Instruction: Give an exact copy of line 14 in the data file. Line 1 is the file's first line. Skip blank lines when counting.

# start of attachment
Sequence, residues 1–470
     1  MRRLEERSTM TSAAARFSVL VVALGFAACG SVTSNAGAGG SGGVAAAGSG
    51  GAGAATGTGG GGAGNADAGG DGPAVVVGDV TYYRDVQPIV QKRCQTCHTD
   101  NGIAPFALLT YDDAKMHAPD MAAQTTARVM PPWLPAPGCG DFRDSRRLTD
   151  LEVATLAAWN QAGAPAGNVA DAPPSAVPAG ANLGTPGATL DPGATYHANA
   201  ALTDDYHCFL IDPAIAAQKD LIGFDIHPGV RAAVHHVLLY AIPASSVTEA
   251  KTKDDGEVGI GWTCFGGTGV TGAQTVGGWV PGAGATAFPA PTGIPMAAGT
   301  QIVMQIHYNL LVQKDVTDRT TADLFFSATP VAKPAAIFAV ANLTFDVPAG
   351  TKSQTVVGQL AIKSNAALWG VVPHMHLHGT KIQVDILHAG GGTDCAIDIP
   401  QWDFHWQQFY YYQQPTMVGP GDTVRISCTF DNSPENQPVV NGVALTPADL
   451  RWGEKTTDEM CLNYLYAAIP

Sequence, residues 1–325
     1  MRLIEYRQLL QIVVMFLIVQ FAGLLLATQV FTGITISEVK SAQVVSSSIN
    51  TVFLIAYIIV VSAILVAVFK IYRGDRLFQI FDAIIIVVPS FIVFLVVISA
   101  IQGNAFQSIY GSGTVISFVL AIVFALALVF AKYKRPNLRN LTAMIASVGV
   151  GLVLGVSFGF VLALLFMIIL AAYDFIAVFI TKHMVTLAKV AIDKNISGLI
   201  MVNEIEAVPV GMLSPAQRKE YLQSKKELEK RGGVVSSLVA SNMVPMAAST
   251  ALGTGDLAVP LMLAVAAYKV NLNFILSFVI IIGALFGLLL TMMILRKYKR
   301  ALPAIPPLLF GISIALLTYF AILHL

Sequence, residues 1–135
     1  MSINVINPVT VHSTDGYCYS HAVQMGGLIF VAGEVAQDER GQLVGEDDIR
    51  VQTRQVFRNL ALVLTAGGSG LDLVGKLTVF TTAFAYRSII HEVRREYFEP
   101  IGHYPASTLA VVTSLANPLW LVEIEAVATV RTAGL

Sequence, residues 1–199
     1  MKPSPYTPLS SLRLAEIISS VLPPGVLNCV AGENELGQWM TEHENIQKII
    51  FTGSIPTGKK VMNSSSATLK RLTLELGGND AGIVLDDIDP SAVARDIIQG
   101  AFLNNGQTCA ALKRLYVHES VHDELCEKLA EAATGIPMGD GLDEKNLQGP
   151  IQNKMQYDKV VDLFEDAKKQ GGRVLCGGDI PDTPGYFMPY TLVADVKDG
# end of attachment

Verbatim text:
    51  TVFLIAYIIV VSAILVAVFK IYRGDRLFQI FDAIIIVVPS FIVFLVVISA